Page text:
This alleviates the inadequacy I've been feeling lately, having spent 2 years studying Russian and still being unable to say simple sentences to people. I only just noticed the vast improvement in my Russian when I don't have to use verbs of motion. I'm also now wondering whether I now pay more attention to the details of my journeys, as Russians must with the linguistic influence. 

Don't even get me started on Russian numbers. There is no need to say years as 'In one thousand, eight hundred and forty-sixth year'(prepositional case) or 'On the 3rd of march, one thousand, seven hundred and eighty-second year'(all genitive, thank you) - stop punishing yourselves! Especially as you have to conjugate both cardinal and ordinal numbers according to case and gender. Apparently Russians just avoid this in daily speech, but I have to do it anyway, because...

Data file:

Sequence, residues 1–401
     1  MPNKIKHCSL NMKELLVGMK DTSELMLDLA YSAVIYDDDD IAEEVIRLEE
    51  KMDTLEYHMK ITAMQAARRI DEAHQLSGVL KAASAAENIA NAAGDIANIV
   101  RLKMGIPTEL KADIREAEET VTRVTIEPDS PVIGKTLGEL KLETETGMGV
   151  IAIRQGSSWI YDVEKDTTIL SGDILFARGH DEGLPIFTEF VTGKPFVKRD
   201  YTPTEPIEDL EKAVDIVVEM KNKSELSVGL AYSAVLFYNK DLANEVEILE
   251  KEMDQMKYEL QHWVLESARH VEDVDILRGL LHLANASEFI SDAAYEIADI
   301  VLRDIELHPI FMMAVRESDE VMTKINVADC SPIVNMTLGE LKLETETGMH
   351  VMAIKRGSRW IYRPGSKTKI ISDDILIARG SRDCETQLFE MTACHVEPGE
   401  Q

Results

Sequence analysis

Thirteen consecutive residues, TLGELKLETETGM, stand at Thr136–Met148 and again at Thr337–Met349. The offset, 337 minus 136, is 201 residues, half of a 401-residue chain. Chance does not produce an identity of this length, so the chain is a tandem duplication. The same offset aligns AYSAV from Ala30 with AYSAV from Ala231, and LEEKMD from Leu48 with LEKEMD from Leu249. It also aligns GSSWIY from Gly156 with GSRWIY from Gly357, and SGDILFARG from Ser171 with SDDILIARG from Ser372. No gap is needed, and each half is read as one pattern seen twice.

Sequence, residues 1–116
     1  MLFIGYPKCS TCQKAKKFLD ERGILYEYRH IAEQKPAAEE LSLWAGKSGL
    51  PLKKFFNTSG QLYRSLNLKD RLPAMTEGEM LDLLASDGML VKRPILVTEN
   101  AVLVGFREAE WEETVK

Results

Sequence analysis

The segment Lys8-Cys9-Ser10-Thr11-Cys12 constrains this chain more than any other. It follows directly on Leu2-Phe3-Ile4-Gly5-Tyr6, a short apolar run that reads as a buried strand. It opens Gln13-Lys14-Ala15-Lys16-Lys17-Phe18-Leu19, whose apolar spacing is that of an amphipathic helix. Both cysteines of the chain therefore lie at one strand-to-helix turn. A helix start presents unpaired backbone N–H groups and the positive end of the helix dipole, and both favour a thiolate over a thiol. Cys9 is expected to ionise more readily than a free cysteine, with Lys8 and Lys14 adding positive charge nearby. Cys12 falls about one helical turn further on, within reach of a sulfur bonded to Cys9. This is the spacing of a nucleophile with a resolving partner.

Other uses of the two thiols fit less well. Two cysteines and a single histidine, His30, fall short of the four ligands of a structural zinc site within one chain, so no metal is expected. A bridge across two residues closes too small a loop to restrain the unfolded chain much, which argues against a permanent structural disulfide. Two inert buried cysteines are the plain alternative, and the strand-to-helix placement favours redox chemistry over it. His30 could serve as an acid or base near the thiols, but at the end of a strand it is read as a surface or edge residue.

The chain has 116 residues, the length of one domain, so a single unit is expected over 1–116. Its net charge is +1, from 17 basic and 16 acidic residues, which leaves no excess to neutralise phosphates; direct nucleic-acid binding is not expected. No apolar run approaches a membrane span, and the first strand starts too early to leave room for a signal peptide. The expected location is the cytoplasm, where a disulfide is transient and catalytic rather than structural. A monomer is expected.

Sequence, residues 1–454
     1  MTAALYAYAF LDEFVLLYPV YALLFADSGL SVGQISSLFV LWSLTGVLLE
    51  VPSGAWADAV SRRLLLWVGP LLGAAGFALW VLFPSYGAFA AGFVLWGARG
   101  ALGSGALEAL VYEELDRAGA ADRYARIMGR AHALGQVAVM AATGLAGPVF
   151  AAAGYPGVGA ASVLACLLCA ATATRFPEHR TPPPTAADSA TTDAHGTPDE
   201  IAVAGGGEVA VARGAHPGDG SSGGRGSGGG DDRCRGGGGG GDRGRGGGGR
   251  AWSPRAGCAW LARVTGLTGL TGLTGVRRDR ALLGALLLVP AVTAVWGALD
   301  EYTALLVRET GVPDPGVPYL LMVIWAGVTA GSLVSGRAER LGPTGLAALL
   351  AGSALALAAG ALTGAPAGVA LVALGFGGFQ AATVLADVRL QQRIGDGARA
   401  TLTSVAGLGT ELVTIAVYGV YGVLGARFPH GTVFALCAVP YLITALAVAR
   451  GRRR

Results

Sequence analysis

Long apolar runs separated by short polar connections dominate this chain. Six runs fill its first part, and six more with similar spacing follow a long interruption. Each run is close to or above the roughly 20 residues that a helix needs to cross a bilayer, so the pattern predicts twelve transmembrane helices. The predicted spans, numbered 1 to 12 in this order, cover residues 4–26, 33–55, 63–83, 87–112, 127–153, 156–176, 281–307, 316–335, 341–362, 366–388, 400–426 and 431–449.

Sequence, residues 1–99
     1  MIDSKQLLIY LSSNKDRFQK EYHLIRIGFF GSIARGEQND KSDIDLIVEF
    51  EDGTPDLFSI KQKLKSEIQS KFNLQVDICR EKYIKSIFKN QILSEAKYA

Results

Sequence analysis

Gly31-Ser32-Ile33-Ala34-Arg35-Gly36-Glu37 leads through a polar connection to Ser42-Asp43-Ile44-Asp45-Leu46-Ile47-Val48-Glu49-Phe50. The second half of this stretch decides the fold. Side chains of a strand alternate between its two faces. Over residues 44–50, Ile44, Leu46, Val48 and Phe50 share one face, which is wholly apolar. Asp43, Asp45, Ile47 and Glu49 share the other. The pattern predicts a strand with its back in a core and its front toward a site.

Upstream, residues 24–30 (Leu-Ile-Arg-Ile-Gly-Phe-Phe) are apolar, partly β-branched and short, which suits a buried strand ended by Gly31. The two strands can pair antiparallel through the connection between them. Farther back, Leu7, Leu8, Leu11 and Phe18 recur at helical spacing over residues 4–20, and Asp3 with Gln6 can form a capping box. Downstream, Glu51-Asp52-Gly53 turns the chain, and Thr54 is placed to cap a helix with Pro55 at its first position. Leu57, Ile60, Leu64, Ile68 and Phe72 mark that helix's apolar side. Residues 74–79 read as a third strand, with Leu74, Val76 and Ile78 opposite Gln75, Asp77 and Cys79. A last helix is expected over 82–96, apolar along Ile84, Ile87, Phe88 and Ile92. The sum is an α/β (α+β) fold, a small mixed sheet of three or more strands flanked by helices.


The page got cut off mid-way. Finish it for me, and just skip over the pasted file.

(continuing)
It's difficult enough learning a language that, imported European words aside, is entirely different from your own. It's difficult to recall words and it's nigh on impossible to guess their meaning without obvious context. This is not helped by the fact that most of their nouns end in some kind of '-ение': '-шение', '-щение', '-чение', '-тение', '-ление', '-мение' and '-нение' aren't easily distinguishable when you're put on the spot.

Also I have to say, the argument that English is difficult because of its strange colloquialism, spelling that differs heavily from the pronunciation of words and multitude of words that have many different meanings, or words that sound the same but are spelt differently, falls kind of flat with respect to Russian. While it may be phonetic, there are many sounds that are alien to English speakers, who then discover that many letters have a completely different sound depending on their stress or position in the word.

 Otherwise, Russia has all the same linguistic traps, as well as grammar that is completely different to other European (Edit: Romantic! DUH) languages. For example, 'угол' - corner and 'уголь' - coal. Or 'пол' - floor, gender, sex, Paul. Even having previously studied Latin only gets you so far.